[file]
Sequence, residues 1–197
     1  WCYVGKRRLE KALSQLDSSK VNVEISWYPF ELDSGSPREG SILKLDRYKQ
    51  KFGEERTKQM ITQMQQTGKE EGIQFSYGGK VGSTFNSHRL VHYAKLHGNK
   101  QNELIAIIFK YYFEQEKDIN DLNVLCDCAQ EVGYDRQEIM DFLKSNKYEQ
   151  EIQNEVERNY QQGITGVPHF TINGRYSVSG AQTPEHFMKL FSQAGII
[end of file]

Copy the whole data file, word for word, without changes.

Sequence, residues 1–197
     1  WCYVGKRRLE KALSQLDSSK VNVEISWYPF ELDSGSPREG SILKLDRYKQ
    51  KFGEERTKQM ITQMQQTGKE EGIQFSYGGK VGSTFNSHRL VHYAKLHGNK
   101  QNELIAIIFK YYFEQEKDIN DLNVLCDCAQ EVGYDRQEIM DFLKSNKYEQ
   151  EIQNEVERNY QQGITGVPHF TINGRYSVSG AQTPEHFMKL FSQAGII